In a sports intense Harlem, Pete Rose: An American Dilemma sounds like a good read. Pete Rose is the ultimate enigma—to baseball fans, to historians and journalists, to ballplayers past and present and even to members of his own family. Now in Pete Rose: An American Dilemma (March 11, 2014, Time Home Entertainment, $26.95), published to coincide with the 25th anniversary of Rose’s banishment from baseball, New York Times bestselling author Kostya Kennedy has delivered the definitive work on baseball’s all-time hits leader.
Based on previously untilled material and extensive interviews, including those closest to Rose—his family, former teammates, as well as Rose himself–-this groundbreaking and evocative book considers Rose through the prism and context of today’s post-steroid era. Kennedy, an assistant managing editor at Sports Illustrated and runner-up for the 2012 PEN/ESPN award for Literary Sports Writing, reveals Rose in all his ambiguity: a man revered for his hustle and verve, with great potential and greatness achieved, but also a man with a fatal flaw that precipitated his exile, whose place in baseball’s firmament, and in Cooperstown, remains unsettled.
In fascinating detail Kennedy reveals the lone regret of John Dowd, who headed the investigation into Rose’s gambling that resulted in banishment. Dowd only wished he’d had the chance to spend time privately with Rose to offer what could have been a history-altering deal. “I’ll always believe that I could have turned him around,” Dowd tells Kennedy. “That I could have made him see the error of his ways, and to see how to make it right . . . if he had done it, had owned up and accepted a punishment, well if you ask me, he could be managing the Cincinnati Reds still today.”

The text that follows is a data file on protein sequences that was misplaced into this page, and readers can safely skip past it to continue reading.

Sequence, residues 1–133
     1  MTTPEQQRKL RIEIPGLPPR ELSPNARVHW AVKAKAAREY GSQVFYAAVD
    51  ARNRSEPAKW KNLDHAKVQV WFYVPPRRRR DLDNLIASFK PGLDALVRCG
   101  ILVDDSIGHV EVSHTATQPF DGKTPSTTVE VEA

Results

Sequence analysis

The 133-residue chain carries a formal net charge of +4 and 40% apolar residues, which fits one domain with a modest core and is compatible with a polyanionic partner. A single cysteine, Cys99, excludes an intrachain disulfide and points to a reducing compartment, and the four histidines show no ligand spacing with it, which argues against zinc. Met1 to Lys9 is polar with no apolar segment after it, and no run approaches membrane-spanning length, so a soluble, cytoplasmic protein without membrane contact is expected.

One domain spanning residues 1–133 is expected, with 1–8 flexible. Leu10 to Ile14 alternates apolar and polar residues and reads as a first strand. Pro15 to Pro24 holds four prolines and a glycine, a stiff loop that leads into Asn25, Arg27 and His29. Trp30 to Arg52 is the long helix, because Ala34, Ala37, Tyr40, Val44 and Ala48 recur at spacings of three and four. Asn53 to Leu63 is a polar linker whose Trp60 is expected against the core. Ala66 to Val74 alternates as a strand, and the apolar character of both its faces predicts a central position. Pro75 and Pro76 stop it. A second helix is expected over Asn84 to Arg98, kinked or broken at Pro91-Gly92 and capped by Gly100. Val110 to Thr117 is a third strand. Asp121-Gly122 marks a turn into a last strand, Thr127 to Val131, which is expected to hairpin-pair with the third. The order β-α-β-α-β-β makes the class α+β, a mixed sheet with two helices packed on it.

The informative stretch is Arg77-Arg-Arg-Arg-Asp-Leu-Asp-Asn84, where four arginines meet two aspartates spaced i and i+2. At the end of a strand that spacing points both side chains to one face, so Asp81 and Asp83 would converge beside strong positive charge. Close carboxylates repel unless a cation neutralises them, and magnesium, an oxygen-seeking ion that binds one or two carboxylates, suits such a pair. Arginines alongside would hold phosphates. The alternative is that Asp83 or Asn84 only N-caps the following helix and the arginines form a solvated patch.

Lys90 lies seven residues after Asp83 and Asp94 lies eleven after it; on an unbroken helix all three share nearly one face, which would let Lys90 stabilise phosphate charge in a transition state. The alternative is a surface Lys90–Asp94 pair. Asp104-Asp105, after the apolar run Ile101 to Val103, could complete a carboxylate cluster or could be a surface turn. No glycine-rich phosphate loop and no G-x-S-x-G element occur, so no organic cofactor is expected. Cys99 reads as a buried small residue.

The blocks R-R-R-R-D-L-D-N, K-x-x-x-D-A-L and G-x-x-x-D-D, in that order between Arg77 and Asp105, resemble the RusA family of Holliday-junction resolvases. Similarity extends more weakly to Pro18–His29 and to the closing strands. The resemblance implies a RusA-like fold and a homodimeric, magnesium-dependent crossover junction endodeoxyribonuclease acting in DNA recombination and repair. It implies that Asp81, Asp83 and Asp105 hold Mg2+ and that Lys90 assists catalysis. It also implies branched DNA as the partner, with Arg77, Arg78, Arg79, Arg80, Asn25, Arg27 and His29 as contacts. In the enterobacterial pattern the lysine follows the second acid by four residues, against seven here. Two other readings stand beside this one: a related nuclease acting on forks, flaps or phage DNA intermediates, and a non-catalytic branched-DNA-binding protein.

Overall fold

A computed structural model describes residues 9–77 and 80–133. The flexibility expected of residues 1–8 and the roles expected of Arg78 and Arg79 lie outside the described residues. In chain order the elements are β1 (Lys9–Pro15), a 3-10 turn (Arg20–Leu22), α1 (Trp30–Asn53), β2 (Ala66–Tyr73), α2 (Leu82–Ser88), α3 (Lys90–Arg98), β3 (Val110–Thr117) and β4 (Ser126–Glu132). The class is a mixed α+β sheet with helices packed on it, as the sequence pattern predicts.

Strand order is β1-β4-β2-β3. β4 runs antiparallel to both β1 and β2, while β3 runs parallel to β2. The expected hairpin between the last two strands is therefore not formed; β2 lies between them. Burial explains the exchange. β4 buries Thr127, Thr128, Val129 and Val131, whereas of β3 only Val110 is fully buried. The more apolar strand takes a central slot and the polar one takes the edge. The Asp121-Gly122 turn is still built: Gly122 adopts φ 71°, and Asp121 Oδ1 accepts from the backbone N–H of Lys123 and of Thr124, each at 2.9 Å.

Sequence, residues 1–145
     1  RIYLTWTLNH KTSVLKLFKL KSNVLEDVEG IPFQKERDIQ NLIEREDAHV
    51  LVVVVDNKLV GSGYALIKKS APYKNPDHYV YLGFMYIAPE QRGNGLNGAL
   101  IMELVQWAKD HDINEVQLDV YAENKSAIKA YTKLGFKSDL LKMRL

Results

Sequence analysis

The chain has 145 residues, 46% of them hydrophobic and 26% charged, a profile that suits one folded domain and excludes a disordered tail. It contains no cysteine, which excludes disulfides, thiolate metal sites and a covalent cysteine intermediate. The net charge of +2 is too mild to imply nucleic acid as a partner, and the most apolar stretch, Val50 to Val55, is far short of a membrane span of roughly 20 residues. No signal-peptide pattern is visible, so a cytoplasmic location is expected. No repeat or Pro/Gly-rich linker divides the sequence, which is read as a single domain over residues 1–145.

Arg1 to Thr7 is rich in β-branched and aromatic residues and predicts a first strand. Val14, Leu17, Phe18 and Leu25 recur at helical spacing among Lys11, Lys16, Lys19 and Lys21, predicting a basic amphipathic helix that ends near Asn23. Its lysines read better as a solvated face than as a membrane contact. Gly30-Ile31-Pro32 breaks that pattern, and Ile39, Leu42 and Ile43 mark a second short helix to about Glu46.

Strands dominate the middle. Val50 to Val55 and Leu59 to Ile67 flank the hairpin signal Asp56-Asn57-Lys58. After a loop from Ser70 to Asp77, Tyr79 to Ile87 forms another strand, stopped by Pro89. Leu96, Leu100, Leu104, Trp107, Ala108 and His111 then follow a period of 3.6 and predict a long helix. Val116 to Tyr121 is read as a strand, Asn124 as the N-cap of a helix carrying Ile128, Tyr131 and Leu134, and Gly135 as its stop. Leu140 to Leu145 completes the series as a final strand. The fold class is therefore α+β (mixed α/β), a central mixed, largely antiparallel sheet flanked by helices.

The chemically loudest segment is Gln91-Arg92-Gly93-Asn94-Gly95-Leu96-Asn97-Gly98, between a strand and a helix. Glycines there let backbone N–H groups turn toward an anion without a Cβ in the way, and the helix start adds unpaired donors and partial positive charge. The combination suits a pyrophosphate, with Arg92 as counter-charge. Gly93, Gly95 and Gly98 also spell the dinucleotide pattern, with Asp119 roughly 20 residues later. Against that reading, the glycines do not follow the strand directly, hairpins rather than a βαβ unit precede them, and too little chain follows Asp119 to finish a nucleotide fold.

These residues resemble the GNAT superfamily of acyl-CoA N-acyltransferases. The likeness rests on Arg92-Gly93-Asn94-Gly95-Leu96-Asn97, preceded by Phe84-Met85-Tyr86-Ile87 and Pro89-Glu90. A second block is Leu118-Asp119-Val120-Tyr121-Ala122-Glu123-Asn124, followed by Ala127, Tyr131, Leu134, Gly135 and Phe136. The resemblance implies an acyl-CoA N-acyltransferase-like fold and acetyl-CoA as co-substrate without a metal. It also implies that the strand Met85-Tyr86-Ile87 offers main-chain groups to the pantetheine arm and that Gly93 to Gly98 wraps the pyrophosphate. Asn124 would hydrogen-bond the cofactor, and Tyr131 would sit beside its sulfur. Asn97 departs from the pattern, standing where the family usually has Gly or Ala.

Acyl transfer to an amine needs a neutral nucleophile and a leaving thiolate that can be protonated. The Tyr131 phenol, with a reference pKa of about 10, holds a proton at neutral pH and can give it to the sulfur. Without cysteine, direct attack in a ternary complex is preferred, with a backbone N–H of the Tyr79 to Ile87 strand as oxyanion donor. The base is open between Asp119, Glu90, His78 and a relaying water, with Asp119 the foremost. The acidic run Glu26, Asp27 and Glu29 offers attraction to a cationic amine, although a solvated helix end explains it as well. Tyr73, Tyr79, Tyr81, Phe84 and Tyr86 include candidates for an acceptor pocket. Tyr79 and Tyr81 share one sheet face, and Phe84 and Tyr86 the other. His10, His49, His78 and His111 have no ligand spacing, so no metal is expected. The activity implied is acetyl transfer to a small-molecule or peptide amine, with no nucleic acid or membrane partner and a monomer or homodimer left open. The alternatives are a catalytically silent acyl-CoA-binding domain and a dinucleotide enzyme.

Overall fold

Kennedy shines new light on Rose’s relationship with his father, Harry (“the only hero I have ever had,” Rose says) and mother LaVerne, his wives and his brother, David. That Rose even has siblings is not well known. As Kennedy notes, when TLC’s reality show “Pete Rose: Hits & Mrs.” aired, Dave and older sister Caryl were never mentioned. And when Rose swings through Indianapolis, where Dave lives, he rarely makes a connection. Their relationship is essential to understanding Rose, and Dave emerges as a poignant character.
The book also unspools the powerful and previously unexplored narrative of Pete Rose Jr., who spent more years toiling in the low minor leagues than any player in the game’s history. Years ago when Rose talked with Petey at the ballpark, which was about the only place they saw each other, the father made his values clear. “You get a Porsche if you hit .400,” Rose tells Petey. “So long as you play the right way and you’re always on time.” Petey has spent more than two decades trying to succeed in the world that his father conspicuously ruled. Through the heights of Pete’s fame, and then depths of his public fall, Petey bore a profound burden. He and his wife named their son Peter Edward III—“it is the greatest name in the world,” Petey says—though they decided he would be known as PJ, “so that he does not have to go through what I’ve gone through.”
While a softness has emerged in the eighth decade of his life, baseball’s “Hit King” remains both his jabbering, edgy self—still ardently hawking his signature—and a conundrum. Even now, as Kennedy writes, Rose “adores and reveres baseball…as he adores and reveres nothing else” yet while banned from the game for betting, he still gambles. He has tried to auction off the five-page Dowd report that banished him from the game and annually signs autographs in Cooperstown memorabilia shops, down the street from the Hall of Fame—the place where many, including almost all his former teammates, believe he belongs, while others strongly believe he does not.
As the Rose dilemma continues to evolve, most recently putting him at the center of our national conversation about performance-enhancing drugs, it leads to larger questions: What is the price of sin? Should forgiveness be granted only to the contrite? With Rose there are no easy answers and in this fascinating and provocative work Kennedy challenges us to come to our own conclusion: How do we feel about Pete Rose now, deep in the twilight of his truly American life?